Tag:Marshall Newhouse
Posted on: February 24, 2012 4:26 pm
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Report: Packers to cut Clifton; redo Driver deal

Cliftonem>By Josh Katzowitz

With the Packers recently agreeing to a two-year contract worth $15 million with tight end Jermichael Finley and with the team trying to figure out what to do with backup quarterback Matt Flynn, Yahoo Sports is reporting that Green Bay will cut left tackle Chad Clifton and restructure receiver Donald Driver’s contract.

If the Packers were to release Clifton and Driver, the Milwaukee Journal Sentinel points out that the team would save about $10 million in the salary cap, which could be enough for it to franchise-tag Flynn (for the likely purposes of trading him somewhere else).

Clifton represents $5.7 million of that salary cap total, but assuming Driver restructures his contract, the Packers will add significantly to the reported $10-13 million they’re already supposedly under the cap. Tagging Flynn, meanwhile, would cost about $14 million for 2012.

While Clifton has been a key component of the Green Bay offense since the 2000 season, he only played six regular-season games last year because of a hamstring injury. Though Clifton returned for the playoffs, Marshall Newhouse played well enough in replacing Clifton that the Packers must believe he’s ready to take over the job full time.

Newhouse wasn’t great, especially in early performances, but compared to Clifton’s $5.5 million salary, the Packers could be looking at Newhouse’s $490,000 base salary for 2012 and figuring that Clifton is not 10 times the player Newhouse is.

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Posted on: January 12, 2012 6:32 pm
Edited on: January 13, 2012 8:43 am
 

Film Room: Packers vs. Giants divisional preview


Posted by Eye on Football Analyst Andy Benoit

We can only hope this game is as entertaining as the December 4th shootout, which Green Bay won on a brilliant last minute field goal drive.

Since that day the Packers have looked mortal and the Giants have grown white hot. Can Round II produce a different outcome? Here’s the breakdown.


1. Slowing the Pack’s aerial attack
The Giants used a diverse array of coverages against the Packers in the last meeting and actually had Aaron Rodgers a bit out of sorts early on. Still, even though he wasn’t as sharp as usual, Rodgers threw for 369 yards and four scores (not a bad “off day”).

New York’s two-deep safety zone looks gave Green Bay the most trouble, but the only way a defense can get away with playing zone against this offense a second time is if it sprinkles those zones with disguises and man concepts.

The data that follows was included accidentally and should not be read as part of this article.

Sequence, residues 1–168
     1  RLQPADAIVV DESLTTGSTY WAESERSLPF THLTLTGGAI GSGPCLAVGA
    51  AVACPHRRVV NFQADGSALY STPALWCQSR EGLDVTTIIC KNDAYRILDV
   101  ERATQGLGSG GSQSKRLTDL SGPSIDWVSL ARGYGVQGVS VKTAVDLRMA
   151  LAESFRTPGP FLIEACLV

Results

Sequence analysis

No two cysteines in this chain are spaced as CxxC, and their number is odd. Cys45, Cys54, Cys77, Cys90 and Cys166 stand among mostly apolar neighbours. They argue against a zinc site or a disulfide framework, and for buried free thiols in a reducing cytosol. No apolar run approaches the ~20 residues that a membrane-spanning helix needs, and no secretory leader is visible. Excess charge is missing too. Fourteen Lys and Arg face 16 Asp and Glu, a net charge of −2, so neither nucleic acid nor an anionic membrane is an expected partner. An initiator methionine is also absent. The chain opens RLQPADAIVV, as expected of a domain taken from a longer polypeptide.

You can’t outsmart the Packers; you can only hope to out-execute them. Generally, that means winning press-man battles on the outside. That’s what Kansas City was able to do, though they have better press corners than New York and didn’t have to deal with Greg Jennings (out at the time with a knee).

The Packers do a great job creating one-on-one matchups for Greg Jennings through play design. In example A (left), Jennings ran his route against rookie Prince Amukamara to the outside, while Donald Drive ran down the seam. This combination eliminated the possibility of free safety Antrel Rolle helping the overmatched Amukamara, who was flagged for pass interference. In example B (right), Jennings aligned in the slot, away from the tight end and running back. Because Jennings was running an outside route from this alignment, there was no way a safety or linebacker could help cornerback Aaron Ross on this play.

Interesting side note: the Packers usually create one-on-one matchups for Jennings by lining him up as the X-receiver in a 1 x 3 set (in other words, Jennings all alone on the left side, three receivers on the right side). However, they did not throw a single pass to Jennings from this formation against the Giants in Week 13.


Without Jennings, a good secondary has a shot at stymieing this receiving corps (for not only are a Jennings-less Pack without their No. 1 receiver, but suddenly No. 2 receiver Jordy Nelson must face a No. 1 corner, No. 3 receiver Donald Driver must face a No. 2 corner and so on). With Jennings, a good secondary still isn’t enough; a defense needs help from up front.

Pressuring Rodgers is difficult with his speed. (Getty Images)

2. Pressuring Rodgers
It’s easy to say New York’s key is having its four-man pass-rush get to Rodgers. But that only matters if the pass-rush pressure equates to sacks.

In the last meeting, Jason Pierre-Paul absolutely owned backup left tackle Marshall Newhouse. Rodgers was under duress all afternoon. But all that meant was he ran around more before completing his throws. Rodgers is so athletic, so strong-armed and so good at keeping his eyes downfield that pass-rush pressure does not disrupt his rhythm, it merely alters it.

The Giants dominated the line of scrimmage last game and finished with just two sacks. Unless they get six or seven sacks (unlikely, especially with Green Bay getting Chad Clifton back), their pass-rush won’t be a difference-making factor.

3. Matching up to Finley
The Giants have shown a perplexing willingness to defend elite tight ends with linebacker Jacquian Williams this season. Against the Saints in Week 12, Williams at times defended Jimmy Graham while safety Antrel Rolle defended Darren Sproles.

The next week, Williams guarded Jermichael Finley while Rolle guarded ... James Starks. (Seriously?!) Finley wound up beating Williams’ in man coverage for 24 yards on the game-winning field goal drive and finished the day with six catches for 87 yards and a touchdown. (The damage would have been worse if he hadn’t dropped three balls.)

Will the Giants take this approach again, or will they go to their dime defense and treat Finley as a wide receiver (which they’ve also done at times against elite tight ends this season)? Going dime would allow Rolle to defend Finley, though it would also put vulnerable rookie Prince Amukamara on either Donald Driver or Jordy Nelson.